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As a decision in Canada’s Future Fighter Capability Project (FFCP) nears, Boeing is pulling out all the stops to convince Canada that the F/A-18E/F Super Hornet is the right future fighter, over Lockheed Martin’s F-35A and the Saab Gripen E.
Much of the pitch rests on Boeing’s long history of doing business with Canada’s aerospace industry and the economic windfall it promises will accompany the replacement of aging CF-188 Hornets with the larger, more capable F/A-18E/F Block III.
Boeing is promising an influx of work and funding to companies of all sizes in every Canadian province, Maria Laine, the company’s vice president of international business development, said during a Nov. 9 media day at the St. Louis plant where Super Hornets are built. An economic impact study performed by Canadian technology market analysis firm Doyletech showed Boeing’s Super Hornet offering would create 250,000 jobs and infuse the Canadian economy with a total $61 billion over the aircraft’s service life.
“Our key competitor is not guaranteeing that same package,” Laine said. “They won’t guarantee it and even what they think they can do on a best-effort basis creates at least 100,000 less jobs and only one-third of the economic value. So, think about that. We have three times the economic benefit impact on Canadian defense and aerospace and the broader ecosystem, with what we’re delivering.”
Under FFCP, Canada plans to purchase 88 new aircraft to replace its CF-188s at a cost of between $15 billion and $19 billion. Sustaining the new jets over their 30- to 40-year service life promises billions more in annual work for the winning bidder.
Boeing’s proposal is designed to meet Industrial and Technological Benefits (ITB) obligations, in which the company signs a binding agreement to invest up to 100 percent of the contract value in the Canadian economy.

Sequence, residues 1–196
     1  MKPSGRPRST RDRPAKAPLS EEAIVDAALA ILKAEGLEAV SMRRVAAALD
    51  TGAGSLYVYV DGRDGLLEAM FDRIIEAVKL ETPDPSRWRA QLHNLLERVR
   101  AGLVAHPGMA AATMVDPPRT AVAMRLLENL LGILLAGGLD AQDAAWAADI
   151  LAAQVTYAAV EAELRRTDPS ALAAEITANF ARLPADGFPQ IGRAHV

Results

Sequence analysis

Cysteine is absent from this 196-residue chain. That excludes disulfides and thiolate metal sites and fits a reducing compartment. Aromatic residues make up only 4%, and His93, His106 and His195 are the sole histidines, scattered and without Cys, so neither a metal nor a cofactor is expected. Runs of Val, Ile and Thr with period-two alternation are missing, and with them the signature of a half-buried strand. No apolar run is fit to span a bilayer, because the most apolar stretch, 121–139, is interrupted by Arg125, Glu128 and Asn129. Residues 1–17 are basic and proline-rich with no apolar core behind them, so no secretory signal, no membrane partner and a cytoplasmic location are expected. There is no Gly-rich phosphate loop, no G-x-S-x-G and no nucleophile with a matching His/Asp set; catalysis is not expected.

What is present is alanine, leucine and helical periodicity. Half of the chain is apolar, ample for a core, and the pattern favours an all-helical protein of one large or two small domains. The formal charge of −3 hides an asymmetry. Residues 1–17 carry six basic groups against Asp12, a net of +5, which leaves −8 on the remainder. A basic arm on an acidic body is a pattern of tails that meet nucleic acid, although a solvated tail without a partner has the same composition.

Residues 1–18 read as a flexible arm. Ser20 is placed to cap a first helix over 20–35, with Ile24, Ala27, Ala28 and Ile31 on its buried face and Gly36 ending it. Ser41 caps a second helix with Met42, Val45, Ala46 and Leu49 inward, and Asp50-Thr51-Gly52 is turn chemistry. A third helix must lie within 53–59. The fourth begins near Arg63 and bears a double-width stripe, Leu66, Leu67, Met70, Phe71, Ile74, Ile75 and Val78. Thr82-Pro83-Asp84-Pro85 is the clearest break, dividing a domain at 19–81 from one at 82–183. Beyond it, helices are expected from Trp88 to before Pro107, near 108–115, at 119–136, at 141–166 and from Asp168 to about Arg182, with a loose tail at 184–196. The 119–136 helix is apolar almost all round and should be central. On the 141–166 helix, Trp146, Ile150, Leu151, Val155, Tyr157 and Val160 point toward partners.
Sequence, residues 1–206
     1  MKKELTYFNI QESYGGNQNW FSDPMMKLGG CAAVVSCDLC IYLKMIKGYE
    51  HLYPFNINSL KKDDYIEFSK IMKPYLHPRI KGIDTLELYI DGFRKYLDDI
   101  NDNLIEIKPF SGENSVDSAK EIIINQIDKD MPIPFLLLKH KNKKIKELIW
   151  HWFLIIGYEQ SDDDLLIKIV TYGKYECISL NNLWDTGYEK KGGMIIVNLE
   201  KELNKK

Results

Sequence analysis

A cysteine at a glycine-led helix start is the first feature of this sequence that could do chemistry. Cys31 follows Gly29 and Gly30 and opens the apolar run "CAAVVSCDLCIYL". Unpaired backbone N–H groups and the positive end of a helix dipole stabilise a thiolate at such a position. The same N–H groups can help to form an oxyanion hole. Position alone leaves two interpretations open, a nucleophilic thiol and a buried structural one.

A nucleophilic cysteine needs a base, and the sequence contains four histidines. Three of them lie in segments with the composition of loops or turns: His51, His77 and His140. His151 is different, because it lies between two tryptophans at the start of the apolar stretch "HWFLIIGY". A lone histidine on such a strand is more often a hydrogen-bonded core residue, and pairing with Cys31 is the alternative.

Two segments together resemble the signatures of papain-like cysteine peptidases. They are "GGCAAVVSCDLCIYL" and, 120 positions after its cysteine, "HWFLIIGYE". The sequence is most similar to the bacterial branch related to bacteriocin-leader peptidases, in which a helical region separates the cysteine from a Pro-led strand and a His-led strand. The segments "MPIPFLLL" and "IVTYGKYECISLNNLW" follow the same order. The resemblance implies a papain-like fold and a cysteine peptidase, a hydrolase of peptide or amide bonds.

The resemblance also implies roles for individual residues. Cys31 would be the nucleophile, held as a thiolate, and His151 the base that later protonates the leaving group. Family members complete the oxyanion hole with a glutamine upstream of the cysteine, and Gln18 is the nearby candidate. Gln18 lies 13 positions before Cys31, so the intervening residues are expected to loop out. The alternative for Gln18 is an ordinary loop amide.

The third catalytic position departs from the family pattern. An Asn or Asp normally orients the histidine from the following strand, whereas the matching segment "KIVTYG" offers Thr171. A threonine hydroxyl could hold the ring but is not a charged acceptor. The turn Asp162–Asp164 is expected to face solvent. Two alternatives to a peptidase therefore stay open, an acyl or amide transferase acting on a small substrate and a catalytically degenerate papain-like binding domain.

“The magnitude of that program, the number of aircraft, the fact that it is associated with a 100 percent ITB program… that has profound implications for the future of the aerospace and defense industry in Canada,” said Laine. “It’s not a decision that should be taken lightly and it’s something where you really want to make sure that you have a trusted partner to work with.”
Boeing is also hammering the relative affordability of the Super Hornet versus the F-35, which is notoriously expensive to fly and maintain.
“The F-18 is the most affordable multirole combat aircraft to operate in the U.S. inventory, significantly less expensive than our key U.S. competitor,” said Laine.
She highlighted the “wonderful, enduring partnership” between Boeing and Canada since 1919, when Bill Boeing and a co-pilot delivered 60 letters by air mail between Seattle and Vancouver in a home-built float plane. From that humble, yet momentous, beginning, the relationship has grown to where Boeing now spends $2.3 billion each year in the country, Laine said. Adding in the job impact of 1,500 Boeing employees and 20,000 supporting the company’s supply chain in Canada, that figure jumps to $5.3 billion every year, she said.
“Right now, when you look at the Boeing footprint in Canada, when you buy Boeing, you’re really buying Canadian,” she added. “Every single commercial aircraft Boeing develops and produces has Canadian parts, Canadian-produced components. We’ve got a robust supply chain with over 500 companies spread all across Canada from coast to coast to coast.”
While Lockheed touts the F-35 as a “fifth-generation fighter” with unparalleled stealth and sensor technology, among many other futuristic refinements, that capability comes with a significant cost to procure, operate, and maintain. The unit price for a conventional take-off and landing F-35A has dropped precipitously in recent years to about $80 million. Boeing says a Block III Super Hornet comes in just below that.